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I am a queer woman. I am loud and unabashedly proud of my queerness, and always think of it as a sacred part of my identity. People might say that I shouldn’t let my sexuality define my entire identity, but my queerness extends to many parts of my life other than merely who I am attracted to. LGBTQ+ culture is a community of people that saved my life. In a world where many countries still criminalize and murder people for their sexuality or gender identity, being unashamed of my queerness is a radical act, and when it comes to dating, I have no tolerance for a partner that will minimize that part of my identity or fail to understand it. That’s why I prefer to date bisexual men. 

There are, however, many women who don’t feel this way because of biphobic misconceptions and stereotypes — that we’re are more likely to cheat, that we’re greedy and promiscuous, or that we’re “flaky partners.” Controversial influencer Nikita Dragun has always been good at making headlines like these. In April she faced backlash by acting disgusted when she found out one of her blind dates was bisexual in her new docuseries Nikita Unfiltered. Nikita Dragun is an openly trans woman; her outright rejection of bisexual men illustrates, quite transparently, how bisexual people face rejection and erasure not only by straight people, but also by fellow members of the LGBTQ+ community. 

Even an episode of Sex and the City ran a storyline where Carrie (Sarah Jessica Parker) goes on a few dates with a man that she rejects once she finds out he’s bisexual. Throughout the episode she insults and undermines his sexuality in “casual” conversation with her friends by saying, “I’m not even sure bisexuality exists. I think it’s just a layover on the way to Gaytown…”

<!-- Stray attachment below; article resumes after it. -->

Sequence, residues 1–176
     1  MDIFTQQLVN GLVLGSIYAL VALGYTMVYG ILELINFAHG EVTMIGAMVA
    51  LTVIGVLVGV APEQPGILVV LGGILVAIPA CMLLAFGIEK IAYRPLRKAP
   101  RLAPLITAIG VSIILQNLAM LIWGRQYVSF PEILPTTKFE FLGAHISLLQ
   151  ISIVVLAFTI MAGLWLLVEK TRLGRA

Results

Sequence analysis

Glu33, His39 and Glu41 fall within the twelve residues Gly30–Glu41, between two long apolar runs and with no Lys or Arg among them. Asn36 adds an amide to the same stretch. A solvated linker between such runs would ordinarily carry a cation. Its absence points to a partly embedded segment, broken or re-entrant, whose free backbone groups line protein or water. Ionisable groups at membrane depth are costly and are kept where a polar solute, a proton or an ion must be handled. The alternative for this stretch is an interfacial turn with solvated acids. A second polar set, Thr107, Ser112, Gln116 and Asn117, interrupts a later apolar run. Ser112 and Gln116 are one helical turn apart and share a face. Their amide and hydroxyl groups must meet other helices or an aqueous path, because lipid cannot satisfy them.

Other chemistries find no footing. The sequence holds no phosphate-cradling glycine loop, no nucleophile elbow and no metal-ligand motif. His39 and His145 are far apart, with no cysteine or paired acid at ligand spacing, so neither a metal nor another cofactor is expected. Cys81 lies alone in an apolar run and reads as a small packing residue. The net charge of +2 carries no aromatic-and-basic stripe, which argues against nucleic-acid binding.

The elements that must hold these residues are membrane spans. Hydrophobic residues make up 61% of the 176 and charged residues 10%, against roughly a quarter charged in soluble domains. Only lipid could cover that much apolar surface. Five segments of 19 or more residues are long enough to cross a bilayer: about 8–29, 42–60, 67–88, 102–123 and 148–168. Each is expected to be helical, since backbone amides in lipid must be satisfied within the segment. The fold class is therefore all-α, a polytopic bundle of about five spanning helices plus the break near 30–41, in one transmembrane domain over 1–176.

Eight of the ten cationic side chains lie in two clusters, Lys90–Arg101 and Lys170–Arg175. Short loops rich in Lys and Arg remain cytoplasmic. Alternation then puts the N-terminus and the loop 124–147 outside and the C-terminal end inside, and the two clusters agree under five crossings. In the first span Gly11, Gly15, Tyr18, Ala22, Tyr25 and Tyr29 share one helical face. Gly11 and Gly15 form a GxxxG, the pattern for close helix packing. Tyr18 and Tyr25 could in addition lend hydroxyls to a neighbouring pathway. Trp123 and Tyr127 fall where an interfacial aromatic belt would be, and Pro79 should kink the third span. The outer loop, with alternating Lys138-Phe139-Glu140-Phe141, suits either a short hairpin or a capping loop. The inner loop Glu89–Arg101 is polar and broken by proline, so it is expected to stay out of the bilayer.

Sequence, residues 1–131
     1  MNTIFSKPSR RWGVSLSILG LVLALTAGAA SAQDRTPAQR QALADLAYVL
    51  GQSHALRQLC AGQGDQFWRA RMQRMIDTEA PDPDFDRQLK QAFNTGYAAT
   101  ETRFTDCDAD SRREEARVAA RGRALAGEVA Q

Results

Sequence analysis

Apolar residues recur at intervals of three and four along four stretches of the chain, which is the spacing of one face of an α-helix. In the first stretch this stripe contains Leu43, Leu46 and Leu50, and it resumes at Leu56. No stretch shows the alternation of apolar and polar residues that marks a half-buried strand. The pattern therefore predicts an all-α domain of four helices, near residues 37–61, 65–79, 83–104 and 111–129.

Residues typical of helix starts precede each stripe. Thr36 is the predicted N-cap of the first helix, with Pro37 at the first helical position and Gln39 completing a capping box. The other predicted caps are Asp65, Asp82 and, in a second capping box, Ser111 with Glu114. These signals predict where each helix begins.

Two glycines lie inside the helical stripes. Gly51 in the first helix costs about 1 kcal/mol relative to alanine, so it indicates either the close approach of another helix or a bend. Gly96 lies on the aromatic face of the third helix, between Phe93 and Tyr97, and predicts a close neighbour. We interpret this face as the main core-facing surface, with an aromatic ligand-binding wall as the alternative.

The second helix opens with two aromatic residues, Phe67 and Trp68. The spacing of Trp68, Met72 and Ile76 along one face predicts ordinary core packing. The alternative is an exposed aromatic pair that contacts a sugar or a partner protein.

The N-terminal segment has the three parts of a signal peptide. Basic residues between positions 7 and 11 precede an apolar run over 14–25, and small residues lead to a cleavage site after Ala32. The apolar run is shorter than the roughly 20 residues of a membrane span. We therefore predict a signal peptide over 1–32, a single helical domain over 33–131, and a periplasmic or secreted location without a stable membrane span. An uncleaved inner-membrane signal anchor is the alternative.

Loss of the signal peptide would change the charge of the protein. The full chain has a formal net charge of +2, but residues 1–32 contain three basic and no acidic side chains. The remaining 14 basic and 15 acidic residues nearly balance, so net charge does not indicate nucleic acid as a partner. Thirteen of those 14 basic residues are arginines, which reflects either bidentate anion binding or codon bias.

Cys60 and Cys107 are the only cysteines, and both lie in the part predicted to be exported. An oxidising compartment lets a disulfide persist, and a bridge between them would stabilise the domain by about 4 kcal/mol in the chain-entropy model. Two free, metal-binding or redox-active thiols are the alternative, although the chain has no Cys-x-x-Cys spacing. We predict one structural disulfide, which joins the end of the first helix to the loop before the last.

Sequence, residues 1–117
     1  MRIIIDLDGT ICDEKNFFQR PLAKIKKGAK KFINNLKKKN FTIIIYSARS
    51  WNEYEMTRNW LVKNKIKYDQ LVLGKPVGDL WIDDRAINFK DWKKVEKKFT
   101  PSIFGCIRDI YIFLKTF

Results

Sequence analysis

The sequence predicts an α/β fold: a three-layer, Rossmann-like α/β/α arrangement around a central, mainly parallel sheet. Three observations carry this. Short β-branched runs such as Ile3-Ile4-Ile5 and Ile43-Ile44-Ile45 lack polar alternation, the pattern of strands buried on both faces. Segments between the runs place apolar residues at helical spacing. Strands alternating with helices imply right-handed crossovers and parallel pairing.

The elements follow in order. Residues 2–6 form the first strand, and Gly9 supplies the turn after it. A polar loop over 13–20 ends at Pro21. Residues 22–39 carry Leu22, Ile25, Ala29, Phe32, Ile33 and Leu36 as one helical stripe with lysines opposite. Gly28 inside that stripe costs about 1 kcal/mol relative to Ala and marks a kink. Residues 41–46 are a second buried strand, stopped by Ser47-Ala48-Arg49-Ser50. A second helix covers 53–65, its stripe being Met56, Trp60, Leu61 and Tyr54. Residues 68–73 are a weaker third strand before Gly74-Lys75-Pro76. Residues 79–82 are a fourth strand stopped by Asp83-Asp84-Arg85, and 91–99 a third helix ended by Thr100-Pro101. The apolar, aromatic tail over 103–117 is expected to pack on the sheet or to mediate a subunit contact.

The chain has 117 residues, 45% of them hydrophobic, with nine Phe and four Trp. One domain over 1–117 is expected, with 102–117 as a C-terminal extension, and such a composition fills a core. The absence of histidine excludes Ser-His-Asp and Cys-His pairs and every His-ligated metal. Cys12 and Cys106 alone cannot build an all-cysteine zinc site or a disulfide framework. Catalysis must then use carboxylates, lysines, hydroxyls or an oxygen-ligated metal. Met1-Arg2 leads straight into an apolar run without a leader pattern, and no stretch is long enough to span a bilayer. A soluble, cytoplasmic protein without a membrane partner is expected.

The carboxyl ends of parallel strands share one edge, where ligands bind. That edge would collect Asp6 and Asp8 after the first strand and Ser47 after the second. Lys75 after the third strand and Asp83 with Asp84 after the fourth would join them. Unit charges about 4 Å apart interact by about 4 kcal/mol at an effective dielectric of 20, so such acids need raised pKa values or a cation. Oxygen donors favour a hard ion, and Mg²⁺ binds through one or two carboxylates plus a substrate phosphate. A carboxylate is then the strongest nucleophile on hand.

Luckily, there are plenty of women who don’t see bisexual men this way. Social worker and professor at Deakin University, Maria Pallotta-Chiarolli wrote a book featuring interviews with women who had dated both straight and queer men. In an interview with VICE, Chiarolli explained: “A really beautiful finding from a lot of the women interviewed, which has shocked a few people, is that a lot of bisexual men—if you dealt with issues around openness and negotiation—made better fathers, lovers, and partners than hetero men.” I wish that Chiarolli had interviewed some bisexual women who dated bisexual men as well, because that dynamic is also worth learning more about, especially for bisexual people who lack the resources or information. Nevertheless, the power of those statements is still monumental. 

I understand what this feels like. Being under the bisexual umbrella is like having a red-hot target on your back for people to invalidate and fetishize you, and there is no worse place for that to pop up than in a person’s dating life. Straight men look at bisexuality in women as a fetish, and bisexual men have to endure constant gaslighting from people who don’t believe that their sexuality is real, including romantic partners.  

Dating is something that I’ve always been extremely cautious about. I am often weary to trust heterosexual men when it comes to intimacy. In my experience, when my identity comes up, it takes back-breaking emotional labor for me to educate them about what my life often entails. Although I have a preference for women I am still attracted to men, and if I ever happen to date them, I’m more likely to gravitate toward men who are also queer because of that mutual understanding of that shared struggle. 

Living as an out queer woman has made me extremely hyper-sensitive and intolerant of toxic male behavior, and I find it hard to connect emotionally with a person who fails to understand my identity or my life experience. If I ever want to have a healthy dating life and happen to date a man, a partner who is trapped in a cycle of compulsory heterosexuality and toxic masculinity is not an option, and I have found that I am less likely to find those characteristics in bisexual men. 

Isabel Corp

New School '21

Isabel Corp is a third-year Literary Studies major with a concentration in non-fiction writing at Eugene Lang College. Isabel writes about Sex and Relationships & Culture, and her writing can also be found in the blog of the non-profit LGBTQ+ organization, Family Equality.
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